as blocks and cylinders, using the set operators union, intersection, and
difference. To visualize and analyze the composite solids modeled, virtual
light rays are cast as probes. By virtue of its simplicity, ray casting is
reliable and extensible. The most difficult mathematical problem is finding
line-surface intersection points. So surfaces such as planes, quadrics, tori,
and probably even parametric surface patches may bound the primitive solids.
The adequacy and efficiency of ray casting are issues addressed here. A fast
picture generation capability for interactive modeling is the biggest
challenge. New methods are presented, accompanied by sample pictures and CPU
times, to meet the challenge.
\bk
Bouville, Christian. ``Image Synthesis Through Ray Tracing.'' {\em Banc-Titre},
Mar. 1985, p. 50-51.
\label{BOU85c}
\mk
[No abstract. Gives a very brief introduction to ray tracing.]
\bk
Kilgour, A. C. ``Techniques for Modelling and Displaying 3D Scenes.'' {\em
Advances in Computer Graphics II}, F. R. A. Hopgood, R. J. Hubbold, and
D. A. Duce (eds.), Springer-Verlag, 1986, p. 55-113.
\label{KIL86}
\mk
In this article basic data structures for representing 3D objects are
described, ranging from {\em ad hoc} methods which are quite acceptable for
simple applications, through general-purpose methods such as Baumgart's
winged-edge structure, capable of representing the topology of any polyhedron,
to the set theoretic structures generated by ``constructive solid geometry''
(CSG) modelling systems. Quadric surfaces such as spheres and cylinders are
discussed, but general sculptured surfaces based on B\'{e}zier or B-spline
patches are not covered. The emphasis is on techniques which can be readily
applied to simple cases.
The choice of an appropriate rendering technique is closely linked to the
modelling method adopted. Conventional rendering techniques are described for
objects which can be readily reduced to a set of polygonal facets. These
techniques include hidden surface removal and scan conversion, which are often
closely linked. The need for antialiasing on a raster display is discussed, and
suitable methods described. Halftoning techniques, which allow the apparent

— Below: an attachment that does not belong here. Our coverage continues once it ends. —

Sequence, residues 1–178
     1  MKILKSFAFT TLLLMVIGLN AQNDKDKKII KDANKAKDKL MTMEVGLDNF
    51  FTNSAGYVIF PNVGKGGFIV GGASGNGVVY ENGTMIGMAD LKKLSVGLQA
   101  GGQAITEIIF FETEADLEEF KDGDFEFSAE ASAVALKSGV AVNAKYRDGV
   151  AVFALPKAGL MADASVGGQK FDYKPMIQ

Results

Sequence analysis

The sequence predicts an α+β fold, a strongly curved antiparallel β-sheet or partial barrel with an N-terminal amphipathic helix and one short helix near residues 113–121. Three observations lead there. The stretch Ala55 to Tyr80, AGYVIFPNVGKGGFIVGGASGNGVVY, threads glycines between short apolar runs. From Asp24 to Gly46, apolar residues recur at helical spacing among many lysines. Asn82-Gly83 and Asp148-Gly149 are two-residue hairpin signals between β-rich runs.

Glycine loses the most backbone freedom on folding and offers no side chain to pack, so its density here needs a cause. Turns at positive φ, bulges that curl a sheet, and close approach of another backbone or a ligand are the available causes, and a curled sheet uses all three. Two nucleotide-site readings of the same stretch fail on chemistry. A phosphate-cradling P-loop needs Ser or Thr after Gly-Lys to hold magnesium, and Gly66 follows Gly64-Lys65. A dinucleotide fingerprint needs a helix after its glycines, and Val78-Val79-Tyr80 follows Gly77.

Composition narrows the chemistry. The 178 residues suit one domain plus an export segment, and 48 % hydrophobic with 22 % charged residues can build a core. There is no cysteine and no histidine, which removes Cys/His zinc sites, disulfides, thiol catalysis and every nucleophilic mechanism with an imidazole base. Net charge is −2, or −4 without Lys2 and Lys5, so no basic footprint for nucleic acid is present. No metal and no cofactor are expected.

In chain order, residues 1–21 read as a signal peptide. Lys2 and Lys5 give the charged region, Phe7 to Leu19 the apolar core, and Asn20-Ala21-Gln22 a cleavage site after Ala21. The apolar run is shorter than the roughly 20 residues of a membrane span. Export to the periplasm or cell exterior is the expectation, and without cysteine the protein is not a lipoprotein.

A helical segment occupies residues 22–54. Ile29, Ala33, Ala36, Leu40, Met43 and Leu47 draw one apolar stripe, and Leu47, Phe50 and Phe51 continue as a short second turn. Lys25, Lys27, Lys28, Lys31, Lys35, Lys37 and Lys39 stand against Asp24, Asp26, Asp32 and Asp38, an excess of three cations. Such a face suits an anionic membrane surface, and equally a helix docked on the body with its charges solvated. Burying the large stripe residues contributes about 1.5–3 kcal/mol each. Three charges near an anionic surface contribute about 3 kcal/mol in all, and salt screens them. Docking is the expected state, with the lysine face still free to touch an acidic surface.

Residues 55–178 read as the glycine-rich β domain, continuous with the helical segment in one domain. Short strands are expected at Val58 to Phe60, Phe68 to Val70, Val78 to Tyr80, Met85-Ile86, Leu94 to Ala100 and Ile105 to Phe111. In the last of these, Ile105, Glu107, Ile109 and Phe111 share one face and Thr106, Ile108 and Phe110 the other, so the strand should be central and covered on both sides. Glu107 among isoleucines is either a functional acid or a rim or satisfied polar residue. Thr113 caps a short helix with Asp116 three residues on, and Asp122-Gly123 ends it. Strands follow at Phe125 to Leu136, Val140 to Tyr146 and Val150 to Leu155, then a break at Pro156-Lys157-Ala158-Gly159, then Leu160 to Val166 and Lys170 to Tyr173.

number of intensity levels or colors to be increased at the cost of some
reduction in resolution, are of importance for output both on raster displays
and hard copy devices such as laser printers, and suitable methods are
described in detail.
The use of ray tracing as an alternative to conventional rendering techniques
is discussed, and it relationship explained to the class of model being used
(boundary representation or CSG).
The realism of a 3D picture is heavily dependent on the accuracy with which the
illumination of the constituent surfaces is modelled. A range of approximations
of increasing accuracy is presented for carrying out the illumination
calculations, and the tradeoff between realism and computational cost
explained.
Algorithms and data structures are expressed throughout either in ``structured
English,'' or, where more detail is required, in C, which is rapidly
establishing itself as ``the thinking person's Fortran.'' As far as possible
the C code has been constrained to look like Pascal, as an aid to readability.
\bk
Amanatides, John. ``Realism in Computer Graphics: A Survey.'' {\em IEEE CG\&A},
January 1987, p. 44-56.
\label{AMA87b}
\mk
This article surveys most of the major issues to be dealt with when generating
realistic images, and covers papers up to December 1985. It begins with an
overview of the rendering process and a quick review of visible
surface-determination algorithms. Then, in more detail, it discusses shading,
antialiasing, texture mapping, shadows, and optical effects and closes with a
discussion of modeling primitives.
\bk
Kuchkuda, Roman. ``An Introduction to Ray Tracing.'' {\em Theoretical
Foundations of Computer Graphics and CAD}, NATO ASI Series, Vol. F40,
Springer-Verlag, 1988, p. 1039-1060.
\label{KUC88}
\mk
This paper is a practical guide to ray tracing for those familiar with
graphics. It consists of a conceptual model of ray tracing, C code for a basic
system, and an explanation of how and why the code works.
\bk
Schmitt, Alfred, Heinrich M\"{u}ller, and Wolfgang Leister. ``Ray Tracing
Algorithms -- Theory and Practice.'' {\em Theoretical Foundations of Computer
Graphics and CAD}, NATO ASI Series, Vol. F40, Springer-Verlag, 1988,
p. 997-1030.
\label{SCHM88}
\mk
This paper gives a survey on recent advances in making ray tracing a practical